The most basic definition of the Anaerobic Threshold is where the body generates more lactic acid than it can flush out. So if you were to make a line graph in which one line represents the rate lactic acid increase and the other line represents the rate of lactic acid decrease, the point at which the lines cross would technically be the "anaerobic threshold". Lactic acid builds up faster as the intensity of a workout increases. The rate at which it's disposed of is relatively constant.
Sprinters can train above this point without much issue because their running is in very short bursts. Endurance athletes though need to stay below this point in order to continue on without having to stop for rest. You can, however, improve your ability to remove lactic acid through consistent training. As such, the speeds, distances, and times would increase.
I think the "metabolic shift" part comes from where people are told that at a certain intensity, your body starts generating energy through anaerobic (no oxygen) means rather than aerobic (oxygen). When you're aerobic, you generate energy by using fat whereas you would use glucose if you're in the anaerobic phase. The idea being that you would burn more fat if you stayed within this aerobic center. You'll often see charts on cardio machines that say "aerobic between 60% to 70% of VO2max" or something.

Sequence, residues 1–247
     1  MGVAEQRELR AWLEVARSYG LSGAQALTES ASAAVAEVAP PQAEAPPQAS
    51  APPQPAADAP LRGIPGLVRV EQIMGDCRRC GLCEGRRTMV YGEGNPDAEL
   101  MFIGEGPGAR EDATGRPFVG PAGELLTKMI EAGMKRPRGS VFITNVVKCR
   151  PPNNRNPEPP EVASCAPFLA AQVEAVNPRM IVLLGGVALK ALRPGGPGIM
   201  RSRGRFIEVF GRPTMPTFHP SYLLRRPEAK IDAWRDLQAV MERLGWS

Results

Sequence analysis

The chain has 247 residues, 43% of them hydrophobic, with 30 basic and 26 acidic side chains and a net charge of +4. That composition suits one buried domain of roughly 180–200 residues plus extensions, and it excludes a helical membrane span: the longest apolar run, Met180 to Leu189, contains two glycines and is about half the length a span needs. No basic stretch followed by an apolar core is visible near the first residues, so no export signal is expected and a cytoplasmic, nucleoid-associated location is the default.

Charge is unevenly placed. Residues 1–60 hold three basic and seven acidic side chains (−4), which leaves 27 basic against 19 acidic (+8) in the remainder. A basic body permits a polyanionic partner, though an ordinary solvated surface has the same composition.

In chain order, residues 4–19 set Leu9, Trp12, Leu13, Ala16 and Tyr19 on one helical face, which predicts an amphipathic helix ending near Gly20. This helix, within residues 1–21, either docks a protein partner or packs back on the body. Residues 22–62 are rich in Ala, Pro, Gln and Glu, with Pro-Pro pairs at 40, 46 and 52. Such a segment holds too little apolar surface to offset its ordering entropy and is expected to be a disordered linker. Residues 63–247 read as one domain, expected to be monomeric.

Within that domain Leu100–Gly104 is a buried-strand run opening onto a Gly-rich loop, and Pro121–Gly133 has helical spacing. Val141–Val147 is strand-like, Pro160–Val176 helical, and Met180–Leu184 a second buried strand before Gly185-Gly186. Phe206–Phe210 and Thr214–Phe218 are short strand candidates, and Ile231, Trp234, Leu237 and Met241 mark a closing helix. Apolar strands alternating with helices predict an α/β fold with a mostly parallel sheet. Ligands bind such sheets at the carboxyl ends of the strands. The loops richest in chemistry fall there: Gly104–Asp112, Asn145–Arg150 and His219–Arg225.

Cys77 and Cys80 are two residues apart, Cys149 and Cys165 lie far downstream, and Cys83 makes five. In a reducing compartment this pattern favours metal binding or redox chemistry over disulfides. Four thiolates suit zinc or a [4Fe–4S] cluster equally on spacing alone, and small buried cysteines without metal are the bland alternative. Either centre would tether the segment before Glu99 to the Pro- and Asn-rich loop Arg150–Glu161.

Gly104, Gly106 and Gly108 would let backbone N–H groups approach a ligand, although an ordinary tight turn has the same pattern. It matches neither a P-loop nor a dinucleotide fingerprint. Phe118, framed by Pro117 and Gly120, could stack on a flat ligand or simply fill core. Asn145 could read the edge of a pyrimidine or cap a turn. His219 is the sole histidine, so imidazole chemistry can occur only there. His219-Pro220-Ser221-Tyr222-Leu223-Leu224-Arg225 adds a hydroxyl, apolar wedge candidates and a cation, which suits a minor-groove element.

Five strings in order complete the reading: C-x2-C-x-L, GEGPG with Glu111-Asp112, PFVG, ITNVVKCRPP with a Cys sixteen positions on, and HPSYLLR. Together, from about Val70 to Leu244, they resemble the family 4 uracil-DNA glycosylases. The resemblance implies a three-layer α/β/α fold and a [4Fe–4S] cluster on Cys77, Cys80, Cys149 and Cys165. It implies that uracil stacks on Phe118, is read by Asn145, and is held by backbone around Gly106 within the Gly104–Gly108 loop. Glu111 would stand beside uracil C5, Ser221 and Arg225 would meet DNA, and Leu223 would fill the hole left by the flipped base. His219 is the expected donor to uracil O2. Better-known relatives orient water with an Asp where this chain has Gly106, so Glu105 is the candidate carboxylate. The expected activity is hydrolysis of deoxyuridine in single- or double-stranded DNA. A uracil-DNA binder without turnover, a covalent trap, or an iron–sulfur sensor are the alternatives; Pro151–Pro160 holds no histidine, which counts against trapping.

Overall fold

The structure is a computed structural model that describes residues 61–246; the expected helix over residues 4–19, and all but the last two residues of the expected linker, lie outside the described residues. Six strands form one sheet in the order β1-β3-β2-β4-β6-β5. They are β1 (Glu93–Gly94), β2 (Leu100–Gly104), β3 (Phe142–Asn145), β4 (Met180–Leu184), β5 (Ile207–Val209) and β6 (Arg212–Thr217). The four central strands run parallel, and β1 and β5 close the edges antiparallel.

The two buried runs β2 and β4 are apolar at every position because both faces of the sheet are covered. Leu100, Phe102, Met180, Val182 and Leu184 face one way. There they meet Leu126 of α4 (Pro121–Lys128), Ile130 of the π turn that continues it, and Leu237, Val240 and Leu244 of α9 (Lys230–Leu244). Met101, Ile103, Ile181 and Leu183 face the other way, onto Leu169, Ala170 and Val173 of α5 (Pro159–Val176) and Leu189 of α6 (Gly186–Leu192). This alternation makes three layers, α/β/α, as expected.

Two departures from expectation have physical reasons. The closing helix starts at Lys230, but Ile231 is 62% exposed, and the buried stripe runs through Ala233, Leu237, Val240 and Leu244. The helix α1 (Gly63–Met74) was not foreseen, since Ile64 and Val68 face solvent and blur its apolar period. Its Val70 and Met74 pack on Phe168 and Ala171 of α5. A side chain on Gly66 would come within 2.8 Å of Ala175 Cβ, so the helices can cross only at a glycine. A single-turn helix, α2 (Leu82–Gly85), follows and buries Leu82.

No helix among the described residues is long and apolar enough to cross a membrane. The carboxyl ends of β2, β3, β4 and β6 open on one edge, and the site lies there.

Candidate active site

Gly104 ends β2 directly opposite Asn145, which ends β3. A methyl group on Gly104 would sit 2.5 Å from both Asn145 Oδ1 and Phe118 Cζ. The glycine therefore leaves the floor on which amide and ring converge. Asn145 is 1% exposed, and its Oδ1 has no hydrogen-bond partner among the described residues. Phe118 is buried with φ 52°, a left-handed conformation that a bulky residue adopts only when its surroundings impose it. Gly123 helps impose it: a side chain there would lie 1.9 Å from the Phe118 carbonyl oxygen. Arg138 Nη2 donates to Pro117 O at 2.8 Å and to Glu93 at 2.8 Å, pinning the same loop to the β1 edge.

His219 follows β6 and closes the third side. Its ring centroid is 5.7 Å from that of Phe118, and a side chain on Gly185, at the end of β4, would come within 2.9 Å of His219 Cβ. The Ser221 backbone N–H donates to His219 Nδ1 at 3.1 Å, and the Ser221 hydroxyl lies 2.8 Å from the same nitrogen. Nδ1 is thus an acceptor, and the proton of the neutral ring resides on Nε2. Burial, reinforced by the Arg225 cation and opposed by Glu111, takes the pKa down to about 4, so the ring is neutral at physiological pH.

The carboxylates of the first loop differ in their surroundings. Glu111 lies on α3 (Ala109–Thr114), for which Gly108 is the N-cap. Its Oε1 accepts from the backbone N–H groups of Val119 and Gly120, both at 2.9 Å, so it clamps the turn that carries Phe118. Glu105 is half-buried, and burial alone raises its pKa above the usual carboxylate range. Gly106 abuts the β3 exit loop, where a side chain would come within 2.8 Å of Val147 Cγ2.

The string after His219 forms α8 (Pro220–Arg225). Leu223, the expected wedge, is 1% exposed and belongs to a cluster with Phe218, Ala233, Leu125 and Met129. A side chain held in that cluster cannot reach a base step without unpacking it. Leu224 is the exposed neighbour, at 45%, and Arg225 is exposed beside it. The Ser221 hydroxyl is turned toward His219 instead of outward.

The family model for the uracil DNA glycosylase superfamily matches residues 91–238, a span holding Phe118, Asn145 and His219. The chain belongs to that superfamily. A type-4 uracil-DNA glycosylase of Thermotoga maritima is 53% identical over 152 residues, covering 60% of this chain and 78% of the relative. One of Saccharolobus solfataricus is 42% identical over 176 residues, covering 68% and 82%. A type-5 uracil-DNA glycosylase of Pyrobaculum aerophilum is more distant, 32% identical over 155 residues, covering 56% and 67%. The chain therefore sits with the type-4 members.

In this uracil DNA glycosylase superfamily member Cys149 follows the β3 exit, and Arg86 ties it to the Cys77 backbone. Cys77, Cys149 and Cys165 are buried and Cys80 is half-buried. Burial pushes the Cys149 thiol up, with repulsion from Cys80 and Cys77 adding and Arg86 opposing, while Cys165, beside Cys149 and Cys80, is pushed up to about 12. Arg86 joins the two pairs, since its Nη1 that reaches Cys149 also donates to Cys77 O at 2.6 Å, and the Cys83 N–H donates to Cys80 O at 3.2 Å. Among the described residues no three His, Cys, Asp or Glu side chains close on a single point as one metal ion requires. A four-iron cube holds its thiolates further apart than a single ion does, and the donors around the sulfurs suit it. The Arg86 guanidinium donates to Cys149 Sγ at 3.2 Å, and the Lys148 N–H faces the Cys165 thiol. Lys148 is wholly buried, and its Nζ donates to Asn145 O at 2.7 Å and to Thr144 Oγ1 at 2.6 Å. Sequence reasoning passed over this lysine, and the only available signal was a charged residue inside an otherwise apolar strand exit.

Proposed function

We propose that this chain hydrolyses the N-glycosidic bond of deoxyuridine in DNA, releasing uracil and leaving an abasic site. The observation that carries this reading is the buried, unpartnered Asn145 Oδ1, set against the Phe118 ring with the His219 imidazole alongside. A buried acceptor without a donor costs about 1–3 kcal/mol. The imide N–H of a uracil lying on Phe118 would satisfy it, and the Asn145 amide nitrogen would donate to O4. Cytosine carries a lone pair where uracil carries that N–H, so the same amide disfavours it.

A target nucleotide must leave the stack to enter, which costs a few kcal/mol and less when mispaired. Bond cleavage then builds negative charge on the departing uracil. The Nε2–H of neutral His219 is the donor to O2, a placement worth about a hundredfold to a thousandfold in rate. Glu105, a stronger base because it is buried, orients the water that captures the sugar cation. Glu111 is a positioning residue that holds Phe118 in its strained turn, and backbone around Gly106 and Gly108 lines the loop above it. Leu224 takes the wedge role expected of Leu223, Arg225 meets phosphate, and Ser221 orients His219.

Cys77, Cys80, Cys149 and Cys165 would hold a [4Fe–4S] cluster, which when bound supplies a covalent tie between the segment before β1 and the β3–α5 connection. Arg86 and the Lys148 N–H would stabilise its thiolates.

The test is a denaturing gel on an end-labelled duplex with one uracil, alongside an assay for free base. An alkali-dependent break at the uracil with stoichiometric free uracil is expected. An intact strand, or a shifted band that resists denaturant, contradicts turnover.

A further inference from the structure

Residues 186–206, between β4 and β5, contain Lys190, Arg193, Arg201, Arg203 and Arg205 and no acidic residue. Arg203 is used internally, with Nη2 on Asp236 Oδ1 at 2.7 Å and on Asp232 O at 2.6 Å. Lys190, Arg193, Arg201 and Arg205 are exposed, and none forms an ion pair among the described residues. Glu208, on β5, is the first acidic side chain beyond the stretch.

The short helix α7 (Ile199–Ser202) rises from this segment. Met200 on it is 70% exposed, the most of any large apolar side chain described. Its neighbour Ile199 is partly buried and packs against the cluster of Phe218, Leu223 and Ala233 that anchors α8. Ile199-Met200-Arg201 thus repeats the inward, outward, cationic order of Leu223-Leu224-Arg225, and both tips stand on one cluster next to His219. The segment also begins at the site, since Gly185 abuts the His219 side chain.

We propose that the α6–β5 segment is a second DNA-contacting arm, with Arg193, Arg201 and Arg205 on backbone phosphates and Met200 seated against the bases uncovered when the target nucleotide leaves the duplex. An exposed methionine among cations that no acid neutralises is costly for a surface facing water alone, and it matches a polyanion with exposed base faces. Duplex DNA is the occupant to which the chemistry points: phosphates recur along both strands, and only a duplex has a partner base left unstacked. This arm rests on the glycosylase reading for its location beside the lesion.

This is a general over-simplification of how the body generates energy. What the body chooses as a source of energy is far, far more complex than that. It is based off a large number of factors. Also, the body is using both systems for energy pretty much all the time. You are in fact using both energy systems right now reading this while at rest (I assume you're at rest).
The body will start using more of its anaerobic energy system as a workout increases in intensity because it needs that extra energy to perform its duties. It will, however, never stop using the aerobic system.